Japanese Migratory Beekeeping Lives On

by Katy - Bee Missionary September 21, 2020

Japanese Migratory Beekeeping Lives On

Migratory beekeepers have existed around Japan since after the Taisho period (1912-1926), but over the years the number of beekeeping families has dropped due to an aging populace and fewer nectar-producing plants.  

This is known as translocation beekeeping, where a beekeeper has hives in various parts of the country in different seasons so the bees can enjoy foraging on specific plants for the nectar and pollen. This results in high-grade honey.

This partnership between bees and beekeepers has worked well for one hundred years. The bees enjoy amazing nectar and pollen and live a stress-free life compared to many other bees these days. The migratory beekeepers are nomadic, moving from one part of the country to another when certain flowers stop blooming, as the seasons change. They have a constant supply of flavorful and superior honey products.

The Nishitarumizu family has traveled Japan for many years. The parents now stay home and run the Nishitarumizu Bee Garden in Minamikyushu, Kagoshima Prefecture, and sell their prized honey. Now their 26-year old son, Eita, is the honey wanderer. This is something he grew up with, having traveled with his parents the length and breadth of Japan since he was in kindergarten. He travels from their home in the south of Japan to Bifuka, Hokkaido in the north.

Eita’s 82-year old grandfather, Tadashi, started their migratory beekeeping business in 1960 after he trained with a local apiarist in Kagoshima.  

The year begins with hives they set in Satsumasendai, Kagoshima in April, before they begin their northern migration. Then they follow the blooming special plants, like mandarin oranges in Isahaya, Nagasaki Prefecture, acacia in Odate, Akita Prefecture, and thistle in Monbetsu and Bifuka, Hokkaido.

This year the family cycle changed, due to the coronavirus. Eita, his 72-year old grandmother and his 20-year old brother Jun were the only three to journey to Hokkaido. It was Eita’s first time in charge of the sites, and it has left him in awe of his father and grandfather.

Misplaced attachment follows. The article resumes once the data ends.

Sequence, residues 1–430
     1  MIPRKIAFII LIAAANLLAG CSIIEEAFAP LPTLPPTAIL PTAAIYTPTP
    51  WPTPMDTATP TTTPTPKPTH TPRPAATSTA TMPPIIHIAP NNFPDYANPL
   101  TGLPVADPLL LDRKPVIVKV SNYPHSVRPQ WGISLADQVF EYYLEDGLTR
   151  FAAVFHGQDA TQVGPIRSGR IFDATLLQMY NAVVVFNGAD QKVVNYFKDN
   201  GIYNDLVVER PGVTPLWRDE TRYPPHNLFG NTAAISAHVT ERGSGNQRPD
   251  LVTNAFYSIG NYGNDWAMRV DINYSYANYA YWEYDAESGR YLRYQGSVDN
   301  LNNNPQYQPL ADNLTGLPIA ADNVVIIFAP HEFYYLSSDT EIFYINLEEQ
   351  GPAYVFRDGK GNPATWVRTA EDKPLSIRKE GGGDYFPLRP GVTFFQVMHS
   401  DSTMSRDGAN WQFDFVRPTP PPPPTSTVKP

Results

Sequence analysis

He says one of the bonuses of this lifestyle is that he has friends in many parts of the country and gets to see them when he travels. He once went to school for a year in Bifuka. He arrived there in late July and lined up his beehives, happy to see his bees glistening and healthy. When they glisten, there is usually a lot of honey inside the hives.

Look how rich the honey is in this unrelated 4-minute video by Japanese Natural Beekeeping:

 

 

The family usually uses four trucks in an average year to transport bees. While Jun takes several routes to scattered destinations, Eita travels from Kagoshima to Bifuka with four million bees on board. The bees enjoy the breeze because it keeps them cool, and they don’t like high temperatures.

This is just one of many migratory beekeeping families, but according to the Japanese Ministry of Agriculture, Forestry and Fisheries, there has been a substantial decrease in applications from migratory beekeepers. In 1985 there were 4,270 applications, compared to 2,477 in 2018. At the same time, nectar-producing plants dropped by two-thirds, from 370,000 hectares in 1985 to 120,000 in 2018.

Evita seems unconcerned and believes there is a lot of uncharted territory for migratory beekeepers. He says that in recent times people perceive beekeeping as demanding, dirty and dangerous. He wants to connect with the younger generation over social media because he’d like to have more colleagues who understand how fascinating it is working with honeybees.

 

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Katy - Bee Missionary
Katy - Bee Missionary

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